Comparative Private Law

Comparative Law is one of the most fascinating subjects in the legal syllabus. Comparative lawyers examine the differences and similarities of legal rules and doctrines across various legal systems. Students of comparative law soon realise that many of the legal issues that they have examined in the first two years of their degree are often resolved in a very different manner in foreign jurisdictions.

English private law in particular has certain features that exist in a radically different shape, or are not present at all in other jurisdictions. These include the doctrine of consideration, the structure of tortious liability and what is meant by fault and the entire law of trusts.

An awareness of such differences is vital for students if they wish to be prepared for the challenges of legal practice in a globalised world, where many of them will be faced with cross-border dealings on a daily basis. It also enables them, at a time when they are approaching the end of their degree, to build on the knowledge of English private law that they have been able to acquire in their first and second year. Studying comparative private law allows them to draw together various threads of the wider discourse on the foundations of private law and to reflect critically on the English law by comparison with other legal systems. 

The course focuses on a number of selected topics, drawn from the areas of contract (the conception of contract; performance, non-performance and remedies), tort (the structure of extra-contractual liability; product liability), property law (ownership, title and possession) and trusts (trust and fiduciary devices). English law is mostly compared to the private laws of France and Germany, the two most influential jurisdictions within the Western legal tradition other than England and the US.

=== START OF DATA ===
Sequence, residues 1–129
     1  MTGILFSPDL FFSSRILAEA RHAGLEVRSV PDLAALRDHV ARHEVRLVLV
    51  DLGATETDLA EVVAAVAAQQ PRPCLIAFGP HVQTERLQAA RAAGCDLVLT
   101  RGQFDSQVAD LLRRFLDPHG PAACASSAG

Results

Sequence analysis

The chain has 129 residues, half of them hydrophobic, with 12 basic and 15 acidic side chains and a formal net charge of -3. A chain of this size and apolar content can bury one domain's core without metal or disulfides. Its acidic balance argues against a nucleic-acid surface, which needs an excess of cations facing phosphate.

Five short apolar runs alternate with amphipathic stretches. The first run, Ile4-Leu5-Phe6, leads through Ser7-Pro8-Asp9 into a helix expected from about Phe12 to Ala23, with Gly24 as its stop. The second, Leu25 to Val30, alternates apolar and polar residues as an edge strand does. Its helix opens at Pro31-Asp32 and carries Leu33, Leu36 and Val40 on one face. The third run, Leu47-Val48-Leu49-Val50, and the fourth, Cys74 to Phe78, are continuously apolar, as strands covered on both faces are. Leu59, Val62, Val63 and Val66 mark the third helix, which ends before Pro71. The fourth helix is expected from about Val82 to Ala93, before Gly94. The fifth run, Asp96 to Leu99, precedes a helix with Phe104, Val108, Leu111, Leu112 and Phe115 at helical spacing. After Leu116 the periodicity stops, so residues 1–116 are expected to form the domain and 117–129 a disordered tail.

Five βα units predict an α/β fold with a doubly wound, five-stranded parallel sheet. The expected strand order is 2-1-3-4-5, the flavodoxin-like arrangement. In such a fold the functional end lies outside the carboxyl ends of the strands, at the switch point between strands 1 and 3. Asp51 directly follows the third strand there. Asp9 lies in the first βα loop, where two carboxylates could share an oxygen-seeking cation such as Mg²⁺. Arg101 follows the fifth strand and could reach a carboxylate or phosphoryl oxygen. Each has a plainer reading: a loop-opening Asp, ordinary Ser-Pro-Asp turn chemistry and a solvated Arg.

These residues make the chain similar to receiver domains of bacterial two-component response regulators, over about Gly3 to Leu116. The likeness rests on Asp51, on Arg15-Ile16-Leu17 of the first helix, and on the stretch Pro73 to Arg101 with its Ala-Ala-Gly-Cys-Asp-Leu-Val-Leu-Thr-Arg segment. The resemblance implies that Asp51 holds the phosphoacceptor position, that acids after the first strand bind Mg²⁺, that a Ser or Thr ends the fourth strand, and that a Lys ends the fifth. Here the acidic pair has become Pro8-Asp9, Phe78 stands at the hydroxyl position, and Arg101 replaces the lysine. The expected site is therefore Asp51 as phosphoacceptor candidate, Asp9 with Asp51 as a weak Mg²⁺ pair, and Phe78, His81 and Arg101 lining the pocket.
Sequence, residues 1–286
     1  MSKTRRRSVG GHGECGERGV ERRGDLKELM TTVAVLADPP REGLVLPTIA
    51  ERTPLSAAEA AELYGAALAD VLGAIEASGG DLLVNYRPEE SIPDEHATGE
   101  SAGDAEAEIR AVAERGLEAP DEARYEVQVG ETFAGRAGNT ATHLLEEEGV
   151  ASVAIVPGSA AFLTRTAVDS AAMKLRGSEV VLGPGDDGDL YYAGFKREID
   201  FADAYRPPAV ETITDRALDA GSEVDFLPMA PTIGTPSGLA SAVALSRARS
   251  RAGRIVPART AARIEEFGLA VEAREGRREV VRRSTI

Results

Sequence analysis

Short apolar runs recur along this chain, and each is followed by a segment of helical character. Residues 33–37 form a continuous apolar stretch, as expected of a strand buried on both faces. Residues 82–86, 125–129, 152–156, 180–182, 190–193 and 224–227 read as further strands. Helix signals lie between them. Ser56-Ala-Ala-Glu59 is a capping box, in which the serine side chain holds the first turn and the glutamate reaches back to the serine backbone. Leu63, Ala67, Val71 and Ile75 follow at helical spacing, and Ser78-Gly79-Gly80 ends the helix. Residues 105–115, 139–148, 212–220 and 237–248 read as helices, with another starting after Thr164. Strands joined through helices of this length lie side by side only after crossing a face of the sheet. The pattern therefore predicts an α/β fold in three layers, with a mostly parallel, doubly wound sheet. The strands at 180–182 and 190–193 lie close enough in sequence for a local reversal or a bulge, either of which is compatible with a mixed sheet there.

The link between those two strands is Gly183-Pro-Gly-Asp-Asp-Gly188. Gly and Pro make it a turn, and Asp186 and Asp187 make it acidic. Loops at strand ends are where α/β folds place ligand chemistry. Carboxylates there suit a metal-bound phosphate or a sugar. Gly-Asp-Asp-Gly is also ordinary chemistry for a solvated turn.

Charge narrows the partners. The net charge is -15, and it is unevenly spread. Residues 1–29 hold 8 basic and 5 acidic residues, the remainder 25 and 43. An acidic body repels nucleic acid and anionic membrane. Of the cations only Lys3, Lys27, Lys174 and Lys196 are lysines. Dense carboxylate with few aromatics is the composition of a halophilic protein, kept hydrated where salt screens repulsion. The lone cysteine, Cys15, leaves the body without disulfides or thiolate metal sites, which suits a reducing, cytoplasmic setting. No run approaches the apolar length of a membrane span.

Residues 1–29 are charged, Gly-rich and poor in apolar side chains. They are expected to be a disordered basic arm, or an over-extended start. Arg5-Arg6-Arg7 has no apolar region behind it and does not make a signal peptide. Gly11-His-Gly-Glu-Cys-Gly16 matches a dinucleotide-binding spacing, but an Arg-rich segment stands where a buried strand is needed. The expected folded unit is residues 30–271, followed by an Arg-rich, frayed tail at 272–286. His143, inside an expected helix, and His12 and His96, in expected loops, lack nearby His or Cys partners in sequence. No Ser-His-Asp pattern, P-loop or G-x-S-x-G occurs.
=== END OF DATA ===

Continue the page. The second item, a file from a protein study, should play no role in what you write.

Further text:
Teaching is provided throughout Michaelmas and Hilary. For each of the selected topics there is an introductory two-hour lecture and a two-hour class contrasting English law with the solutions found in other jurisdictions. In 2018-2019 there will also be a special series of lectures on relevant aspects of the new French contract law (which came into force on 1 October 2016, with a handful of amendments in force on 1 October 2018).  Tutorials take place in Hilary Term and instead of producing four or more standard length tutorial essays students write two extended essays of 4,000 words on a topic of their choice.

The teaching also includes a general lecture series provided at the beginning of Michaelmas. This gives a general overview of the discipline of comparative law and provides a theoretical and methodological framework for the actual comparison to be made in the classes and tutorials.

Students work with a wide range of materials including primary sources, such as cases and statutes, and legal writings drawn from articles and textbooks. All materials are made available in English, so no knowledge of foreign languages is required.

Learning outcomes: an understanding of how certain fundamental aspects of private law are dealt with in jurisdictions beyond England and Wales and a capacity to reflect on the differences and similarities between practices in those jurisdictions and those of English common law.